From the start, my party, the Scottish Liberal Democrats, offered support to the government for any public health measure that the advance of the virus and the scientists battling it dictated.
In the early days, the Scottish government was uncharacteristically open with the data and scientific advice that it received.
We were told in no uncertain terms that we needed, above all things, to protect hospital capacity. That schools would close and social interaction would cease. There were detailed and terrifying graphs showing the nightmare that would befall our intensive care units if we did not.
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In this current phase, as Omicron sweeps through Scotland, that earlier, more transparent approach seems to be drying up. Details around hospital capacity seem difficult for the government to get their hands on and, after seven weeks of Omicron, they still struggle to tell us who is in hospital *with* the new variant (but is in for another reason eg appendicitis) or *because* of Omicron severity.
That’s crucial and understanding that properly could allow us to release some of the restrictions that are crippling the hospitality and events sector right now.
As parliament is recalled into emergency session this week, the government needs to start treating opposition parties with inclusivity again and be clear about what’s actually going on in our hospitals if they want to bring us with them.
Now I understood and fully supported the view that with the emergence of the Omicron variant in November and in the absence of hard information, the government had to act with caution.
Yet unlike the beginning of the pandemic, the measures adopted by the SNP were inconsistent and confusing. Nativity plays were off, but 50,000-capacity cup finals were on. People could go to restaurants and bars in the company of hundreds of strangers, but only meet with two other households at home. Against the backdrop of the UK government’s Christmas party controversy, it felt like public confidence in the measures was waning severely.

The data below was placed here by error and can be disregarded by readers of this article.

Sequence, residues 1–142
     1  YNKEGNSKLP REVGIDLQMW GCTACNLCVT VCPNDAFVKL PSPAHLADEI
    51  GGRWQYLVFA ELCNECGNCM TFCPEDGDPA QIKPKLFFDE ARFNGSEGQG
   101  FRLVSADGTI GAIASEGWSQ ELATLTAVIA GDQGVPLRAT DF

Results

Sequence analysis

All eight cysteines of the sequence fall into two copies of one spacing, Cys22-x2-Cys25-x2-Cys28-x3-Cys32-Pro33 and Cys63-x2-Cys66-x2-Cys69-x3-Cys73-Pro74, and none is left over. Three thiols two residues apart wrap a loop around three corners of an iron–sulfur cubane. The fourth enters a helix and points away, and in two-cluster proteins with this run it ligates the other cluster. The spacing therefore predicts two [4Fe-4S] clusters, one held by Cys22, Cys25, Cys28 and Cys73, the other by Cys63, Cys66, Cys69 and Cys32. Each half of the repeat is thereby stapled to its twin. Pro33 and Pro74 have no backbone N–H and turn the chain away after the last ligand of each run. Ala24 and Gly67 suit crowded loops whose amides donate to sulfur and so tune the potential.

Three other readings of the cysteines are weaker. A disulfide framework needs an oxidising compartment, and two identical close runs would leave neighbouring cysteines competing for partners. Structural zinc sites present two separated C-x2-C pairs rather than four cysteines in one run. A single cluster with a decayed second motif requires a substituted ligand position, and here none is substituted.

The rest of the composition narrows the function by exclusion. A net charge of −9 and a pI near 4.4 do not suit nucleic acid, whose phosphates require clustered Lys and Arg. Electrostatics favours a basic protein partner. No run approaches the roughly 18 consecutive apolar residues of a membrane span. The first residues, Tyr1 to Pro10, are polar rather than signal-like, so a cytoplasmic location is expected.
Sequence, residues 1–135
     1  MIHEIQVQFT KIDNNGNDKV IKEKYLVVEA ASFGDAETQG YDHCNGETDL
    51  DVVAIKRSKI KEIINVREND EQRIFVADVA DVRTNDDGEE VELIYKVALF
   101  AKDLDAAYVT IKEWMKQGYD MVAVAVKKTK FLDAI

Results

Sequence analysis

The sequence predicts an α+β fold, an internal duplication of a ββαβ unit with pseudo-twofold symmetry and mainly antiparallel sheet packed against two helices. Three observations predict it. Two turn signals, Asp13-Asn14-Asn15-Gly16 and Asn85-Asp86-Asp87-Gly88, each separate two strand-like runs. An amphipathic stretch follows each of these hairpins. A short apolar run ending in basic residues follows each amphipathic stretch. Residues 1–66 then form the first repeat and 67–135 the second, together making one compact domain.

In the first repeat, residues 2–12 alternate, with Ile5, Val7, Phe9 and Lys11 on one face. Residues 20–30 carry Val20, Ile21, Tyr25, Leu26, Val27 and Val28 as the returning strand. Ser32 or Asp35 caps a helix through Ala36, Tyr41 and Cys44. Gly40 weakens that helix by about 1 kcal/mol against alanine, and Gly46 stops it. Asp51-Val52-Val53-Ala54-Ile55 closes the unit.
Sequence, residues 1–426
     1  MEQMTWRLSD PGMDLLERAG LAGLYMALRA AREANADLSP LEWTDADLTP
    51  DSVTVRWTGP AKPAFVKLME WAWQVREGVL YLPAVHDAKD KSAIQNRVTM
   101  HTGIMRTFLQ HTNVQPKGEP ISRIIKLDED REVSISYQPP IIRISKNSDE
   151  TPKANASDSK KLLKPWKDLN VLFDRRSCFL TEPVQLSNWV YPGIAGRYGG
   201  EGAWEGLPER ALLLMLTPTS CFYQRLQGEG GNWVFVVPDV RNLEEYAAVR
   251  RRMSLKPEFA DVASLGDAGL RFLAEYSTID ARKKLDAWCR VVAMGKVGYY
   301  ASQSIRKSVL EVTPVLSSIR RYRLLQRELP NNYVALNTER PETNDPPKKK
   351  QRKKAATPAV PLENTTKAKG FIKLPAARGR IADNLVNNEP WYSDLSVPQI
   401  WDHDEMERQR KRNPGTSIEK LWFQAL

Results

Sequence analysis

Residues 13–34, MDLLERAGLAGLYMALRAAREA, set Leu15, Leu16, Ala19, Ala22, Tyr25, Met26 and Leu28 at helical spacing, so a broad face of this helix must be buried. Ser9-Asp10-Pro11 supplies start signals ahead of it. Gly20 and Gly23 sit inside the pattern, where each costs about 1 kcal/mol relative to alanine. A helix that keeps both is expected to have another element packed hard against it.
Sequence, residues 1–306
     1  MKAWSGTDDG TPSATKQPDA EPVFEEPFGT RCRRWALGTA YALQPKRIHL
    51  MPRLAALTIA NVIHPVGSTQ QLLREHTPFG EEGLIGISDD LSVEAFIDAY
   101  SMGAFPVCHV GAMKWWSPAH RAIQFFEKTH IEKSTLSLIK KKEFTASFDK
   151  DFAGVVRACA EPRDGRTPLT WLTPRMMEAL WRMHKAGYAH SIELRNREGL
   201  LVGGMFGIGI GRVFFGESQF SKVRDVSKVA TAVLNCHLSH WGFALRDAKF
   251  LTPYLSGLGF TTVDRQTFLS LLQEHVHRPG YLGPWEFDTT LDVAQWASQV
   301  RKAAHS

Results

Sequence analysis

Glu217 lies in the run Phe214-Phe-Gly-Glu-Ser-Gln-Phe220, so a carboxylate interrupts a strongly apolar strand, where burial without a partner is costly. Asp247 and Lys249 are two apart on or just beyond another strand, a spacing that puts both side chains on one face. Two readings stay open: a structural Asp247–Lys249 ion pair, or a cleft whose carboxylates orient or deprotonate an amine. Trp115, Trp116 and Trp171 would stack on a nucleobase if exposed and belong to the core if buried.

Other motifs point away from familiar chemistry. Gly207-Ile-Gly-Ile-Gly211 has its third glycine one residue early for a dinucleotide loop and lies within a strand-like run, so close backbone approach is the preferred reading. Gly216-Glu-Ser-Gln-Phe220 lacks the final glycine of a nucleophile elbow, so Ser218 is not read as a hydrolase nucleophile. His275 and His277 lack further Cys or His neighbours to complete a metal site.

We’re now seeing something in the order of 20,000 new cases a day, that’s eyewatering and had Omicron been as severe as the original strains of Covid, it would be overwhelming our ICUs and causing hundreds of deaths every single day.
It isn’t and thank goodness for that. Indeed, a newspaper report on Monday suggested Omicron had only seen 100 Scots hospitalised and only one put under intensive care since its arrival. If true, that feels like significant information, but as an opposition leader and my party’s health spokesperson, I shouldn’t be left to read about that in the press, the government should get us round the table like it used to.
The money offered to Scottish hospitality to make up for lost business will run out this week and many will start taking irreversible, job-shedding decisions. If the stats around Omicron severity suggest we can relax some of those restrictions, now is the time for the SNP to reveal that information to Parliament.
Alex Cole-Hamilton is Scottish Liberal Democrat MSP for Edinburgh Western